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Is energy powerhouse Turkmenistan holding early elections to fight radicalism?

Turkmenistan's foreign ministry has turned the image of the 2015 unveiling of a golden statue of the president astride a horse into a painting that hangs in their lobby (Pic. Courtesy Twitter/@Peter__Leonard)

Today Turkmens are heading to the polls in what will be, in Turkmenistan's 30 years of independence, only the third time there will be a transition in power. The current president Gurbanguly Berdymukhamedov has been in power since 2006, following the demise of the country's first president Saparmurat Niyazov Turkmenbashi. Elections were held in 2017 when Berdymukhamedov was reelected unopposed. In February this year he announced the elections.

The expected transition in power, however, is expected to be in the fashion of the peaceful transition that took place in Qatar in 2013 – from father to son. Berdymukhamedov’s son Serder Mekhmedov is widely expected to take over the reins of power from his father. Eight more contestants are in the fray but are widely believed to be an expression of tokenism. Power is mainly wielded by the ruling Democratic Party of Turkmenistan (DPT) – the new avatar of the Soviet era Communist Party of Turkmenistan. There is no real opposition and the two other registered political parties in the country – the Party of Industrialists and Entrepreneurs, and the Agrarian Party – were believed to be organized by sitting members of the DPT. Serder Berdymukhamedov recently turned 40 – the required age for an official candidate. He is currently the country's deputy prime minister, as also a member of the State Security Council, besides holding numerous other official positions. The elections were announced on February 12 after Berdymukhamedov told an extraordinary meeting of the upper chamber of parliament that he intended to step aside so that power can be turned over to "young leaders."

Even though power is set to be retained by the same party and family, still it is interesting that early elections have been called for, especially given that the Turkmen Constitution was amended in 2016 to increase the 5-year presidential term to seven.

The answer may lie in the January events in Kazakhstan. People's mobilization and spontaneous violent uprisings are anathema to the ruling elites of the region. While Kyrgyzstan seen political turmoil periodically, even a color revolution, the scale of violence in the events in Kazakhstan in January this year – blamed on Islamists who had taken advantage of the mass protests against fuel price h8ke – and the ensuing deployment of troops from the Russia led Collective Security Treaty Organization (CSTO) had spooked all its fellow countries in the region, in particular Turkmenistan.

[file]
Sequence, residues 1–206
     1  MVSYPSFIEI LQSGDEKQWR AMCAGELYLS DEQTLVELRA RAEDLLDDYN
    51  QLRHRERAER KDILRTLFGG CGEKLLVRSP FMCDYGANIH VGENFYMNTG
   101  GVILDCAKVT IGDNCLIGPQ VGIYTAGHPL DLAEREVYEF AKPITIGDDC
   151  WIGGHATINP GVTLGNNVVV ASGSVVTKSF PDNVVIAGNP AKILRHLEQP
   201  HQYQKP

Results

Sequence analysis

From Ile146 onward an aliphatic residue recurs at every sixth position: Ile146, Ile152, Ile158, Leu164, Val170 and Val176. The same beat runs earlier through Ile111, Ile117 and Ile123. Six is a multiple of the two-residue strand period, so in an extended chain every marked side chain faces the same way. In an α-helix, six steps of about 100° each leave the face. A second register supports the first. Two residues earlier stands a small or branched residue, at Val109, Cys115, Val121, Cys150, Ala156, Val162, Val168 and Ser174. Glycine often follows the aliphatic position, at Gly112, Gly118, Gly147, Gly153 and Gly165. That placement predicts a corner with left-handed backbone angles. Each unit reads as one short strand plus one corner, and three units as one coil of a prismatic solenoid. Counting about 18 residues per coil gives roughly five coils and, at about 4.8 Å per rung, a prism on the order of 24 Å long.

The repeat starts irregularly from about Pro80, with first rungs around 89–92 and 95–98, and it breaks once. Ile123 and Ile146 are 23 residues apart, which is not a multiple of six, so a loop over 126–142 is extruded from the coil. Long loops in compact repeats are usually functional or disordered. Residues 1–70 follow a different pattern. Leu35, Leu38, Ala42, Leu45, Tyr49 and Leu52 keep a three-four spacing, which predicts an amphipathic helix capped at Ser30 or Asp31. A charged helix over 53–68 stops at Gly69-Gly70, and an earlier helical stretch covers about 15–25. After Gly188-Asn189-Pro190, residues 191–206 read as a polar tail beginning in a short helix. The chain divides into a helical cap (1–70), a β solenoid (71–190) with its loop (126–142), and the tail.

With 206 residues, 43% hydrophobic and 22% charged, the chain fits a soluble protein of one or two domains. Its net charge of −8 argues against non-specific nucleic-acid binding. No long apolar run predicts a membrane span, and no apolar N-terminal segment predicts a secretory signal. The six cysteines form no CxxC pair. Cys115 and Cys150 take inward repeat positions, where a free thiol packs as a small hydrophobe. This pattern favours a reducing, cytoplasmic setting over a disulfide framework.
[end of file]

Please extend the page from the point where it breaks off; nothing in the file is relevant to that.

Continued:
Turkmenistan is Central Asia's most closed and isolated country. It had long announced its policy of "political neutrality" and is neither a member of the CSTO, or the Eurasian Economic Union, nor the Shanghai Cooperation Organization, which includes all the other four Central Asian countries. It also has the world's sixth largest reserves of natural gas, sitting as it does on reserves of 265 trillion cubic feet.

Yet, the country has been seeing growing migration, unemployment, and poverty. Given its geopolitical location, the Turkmen economy is 90 percent dependent on energy exports, and its major client is China. Falling gas prices and Turkmenistan's inability or unwillingness to diversify 'its economy has added to the woe. That is also why Turkmenistan has been relentlessly pursuing the Turkmenistan Afghanistan Pakistan India (TAPI) gas pipeline, which if ever completed would deliver Turkmen gas to South Asia. The country, where any slightest murmur of dissent is quickly crushed, saw rare protests last year. The Kazakh uprisings could not have come at a worse time. Moreover, the Kazakh government has announced that Islamists had infiltrated the protests to unleash violence. So wary is the country of religious radicalism that not only does it exercise strict control over it, it has also banned any association or political party based on religion. And it has largely escaped religiously motivated unrest that all the other Central Asian countries have faced one time or the other.

Factoring all this it seems that the promise of change, even if not change itself, may be the Turkmen political elite’s way of hedging against any popular movement against the current political setup. And handing over power to the president’s son kills two birds with one stone. It brings a more youthful face to the fore, a symbol of modernity, while preserving power within the same clique.

Also Read: What explains Turkmenistan's embrace of the Taliban?